Ever wondered if you have read a “banned book”? It’s quite possible you have. Despite books being frequently challenged and sometimes outright banned, they seem to find a way into the public’s hands. Regardless of whether you agree with the books or not, it is important to safeguard our right to free speech and free reading. Censorship threatens those rights. Therefore, it is critical to uphold our rights by reading freely, supporting authors of all types, and discussing the subjects these books bring forward–no matter how controversial they may be.
What have the most challenged books over the last decade been? Without further ado, below is a list of the top most banned books for the years 2001-2015.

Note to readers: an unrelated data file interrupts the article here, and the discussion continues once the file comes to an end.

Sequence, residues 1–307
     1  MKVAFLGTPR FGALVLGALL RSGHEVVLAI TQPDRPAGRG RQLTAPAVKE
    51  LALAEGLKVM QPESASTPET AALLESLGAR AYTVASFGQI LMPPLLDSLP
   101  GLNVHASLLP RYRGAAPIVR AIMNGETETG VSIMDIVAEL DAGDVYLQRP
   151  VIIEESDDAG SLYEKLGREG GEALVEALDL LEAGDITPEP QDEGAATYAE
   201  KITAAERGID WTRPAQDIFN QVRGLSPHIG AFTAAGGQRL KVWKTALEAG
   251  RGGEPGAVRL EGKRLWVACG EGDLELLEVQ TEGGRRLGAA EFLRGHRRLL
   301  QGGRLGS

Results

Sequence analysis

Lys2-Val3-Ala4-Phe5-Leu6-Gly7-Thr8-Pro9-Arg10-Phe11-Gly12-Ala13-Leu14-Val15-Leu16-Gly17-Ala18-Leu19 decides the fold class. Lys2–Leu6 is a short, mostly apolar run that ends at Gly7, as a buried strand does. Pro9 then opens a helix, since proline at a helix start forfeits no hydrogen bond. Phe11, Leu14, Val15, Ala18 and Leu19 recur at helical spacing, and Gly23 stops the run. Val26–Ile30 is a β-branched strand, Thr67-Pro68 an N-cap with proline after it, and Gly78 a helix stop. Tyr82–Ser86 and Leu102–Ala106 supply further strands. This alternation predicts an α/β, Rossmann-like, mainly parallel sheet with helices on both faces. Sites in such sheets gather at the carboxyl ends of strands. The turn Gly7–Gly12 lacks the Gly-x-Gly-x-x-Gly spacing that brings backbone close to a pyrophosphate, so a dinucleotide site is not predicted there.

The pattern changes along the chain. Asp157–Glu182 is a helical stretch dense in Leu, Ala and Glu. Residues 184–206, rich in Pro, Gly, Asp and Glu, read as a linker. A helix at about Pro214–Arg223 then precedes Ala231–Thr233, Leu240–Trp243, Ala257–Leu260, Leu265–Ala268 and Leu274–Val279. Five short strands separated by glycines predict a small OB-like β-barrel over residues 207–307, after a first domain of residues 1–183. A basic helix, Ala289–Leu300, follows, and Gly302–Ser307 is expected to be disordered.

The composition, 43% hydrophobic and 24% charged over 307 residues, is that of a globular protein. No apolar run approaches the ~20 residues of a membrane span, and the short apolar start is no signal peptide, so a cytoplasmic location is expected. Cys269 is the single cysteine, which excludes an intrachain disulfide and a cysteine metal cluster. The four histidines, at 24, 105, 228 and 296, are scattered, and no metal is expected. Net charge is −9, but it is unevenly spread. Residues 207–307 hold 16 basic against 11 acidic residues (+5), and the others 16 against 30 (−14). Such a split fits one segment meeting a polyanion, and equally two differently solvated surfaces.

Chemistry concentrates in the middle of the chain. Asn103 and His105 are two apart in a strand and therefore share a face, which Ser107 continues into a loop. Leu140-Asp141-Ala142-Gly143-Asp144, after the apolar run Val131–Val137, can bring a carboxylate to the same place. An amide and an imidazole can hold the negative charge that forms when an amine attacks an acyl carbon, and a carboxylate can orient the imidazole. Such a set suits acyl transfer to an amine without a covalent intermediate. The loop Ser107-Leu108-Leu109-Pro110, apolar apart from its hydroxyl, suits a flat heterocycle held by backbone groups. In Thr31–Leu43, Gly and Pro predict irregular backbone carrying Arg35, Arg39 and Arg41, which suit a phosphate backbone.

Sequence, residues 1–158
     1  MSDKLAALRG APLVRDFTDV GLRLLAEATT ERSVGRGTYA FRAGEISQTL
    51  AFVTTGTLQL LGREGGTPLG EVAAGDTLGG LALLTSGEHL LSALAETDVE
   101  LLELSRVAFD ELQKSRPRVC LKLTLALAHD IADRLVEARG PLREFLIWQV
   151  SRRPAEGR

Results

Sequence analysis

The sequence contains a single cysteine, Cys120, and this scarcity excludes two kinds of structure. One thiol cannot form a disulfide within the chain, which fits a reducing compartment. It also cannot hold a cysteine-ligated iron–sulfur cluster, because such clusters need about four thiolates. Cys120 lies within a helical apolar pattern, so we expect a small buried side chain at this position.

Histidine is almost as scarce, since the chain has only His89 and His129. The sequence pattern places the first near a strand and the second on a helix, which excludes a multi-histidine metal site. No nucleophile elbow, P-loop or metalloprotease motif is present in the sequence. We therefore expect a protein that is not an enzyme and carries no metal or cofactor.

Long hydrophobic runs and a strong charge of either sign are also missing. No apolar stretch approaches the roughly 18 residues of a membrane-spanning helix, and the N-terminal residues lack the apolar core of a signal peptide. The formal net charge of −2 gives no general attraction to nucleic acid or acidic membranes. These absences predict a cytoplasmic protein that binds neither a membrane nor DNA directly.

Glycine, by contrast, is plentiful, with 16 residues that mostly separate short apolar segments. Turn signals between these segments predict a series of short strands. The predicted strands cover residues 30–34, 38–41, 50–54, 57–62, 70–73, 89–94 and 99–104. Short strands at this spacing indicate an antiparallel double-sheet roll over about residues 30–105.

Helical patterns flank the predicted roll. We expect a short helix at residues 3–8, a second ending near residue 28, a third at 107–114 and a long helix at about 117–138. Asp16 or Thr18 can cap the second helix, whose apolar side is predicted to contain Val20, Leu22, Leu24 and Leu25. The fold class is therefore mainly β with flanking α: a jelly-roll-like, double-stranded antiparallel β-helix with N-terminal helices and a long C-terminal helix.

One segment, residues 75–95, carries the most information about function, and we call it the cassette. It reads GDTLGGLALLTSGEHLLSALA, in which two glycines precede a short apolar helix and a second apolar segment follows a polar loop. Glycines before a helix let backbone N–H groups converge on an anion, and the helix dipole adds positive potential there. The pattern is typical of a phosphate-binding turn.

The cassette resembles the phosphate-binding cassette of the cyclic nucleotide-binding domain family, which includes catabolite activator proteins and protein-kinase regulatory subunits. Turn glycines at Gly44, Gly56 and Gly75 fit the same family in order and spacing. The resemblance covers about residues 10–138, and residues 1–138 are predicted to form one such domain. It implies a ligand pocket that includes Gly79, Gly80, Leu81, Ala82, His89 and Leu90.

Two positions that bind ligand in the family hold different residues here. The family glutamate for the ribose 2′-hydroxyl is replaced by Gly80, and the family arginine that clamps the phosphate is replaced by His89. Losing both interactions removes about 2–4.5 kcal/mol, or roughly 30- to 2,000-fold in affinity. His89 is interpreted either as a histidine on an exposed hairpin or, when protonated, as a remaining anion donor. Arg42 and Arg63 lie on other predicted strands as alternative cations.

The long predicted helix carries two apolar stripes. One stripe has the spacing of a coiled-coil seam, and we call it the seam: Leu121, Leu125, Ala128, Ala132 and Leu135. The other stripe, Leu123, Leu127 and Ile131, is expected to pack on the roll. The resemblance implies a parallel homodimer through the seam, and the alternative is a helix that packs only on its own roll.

- 2001 and 2002 – Harry Potter, by J.K. Rowling
- 2003 – Alice (series), by Phyllis Reynolds Naylor
- 2004 – The Chocolate War, by Robert Cormier
- 2005 – It’s Perfectly Normal: Changing Bodies, Growing Up, Sex, and Sexual Health, by Robie H. Harris
- 2006, 2007, 2008, and 2010 – And Tango Makes Three, by Justin Richardson and Peter Parnell
- 2009 and 2011 – ttyl; ttfn; l8r, g8r (series), by Lauren Myracle
- 2012 and 2013 – Captain Underpants (series), by Dav Pilkey
- 2014 – The Absolutely True Diary of a Part-Time Indian, by Sherman Alexie
- 2015 – Looking for Alaska, by John Green
Recognize any familiar names? Many of the most popular books at the time were banned, for various reasons. More information on these and other frequently banned books can be found at the link below.
Information for this post derived from ALA (American Library Association).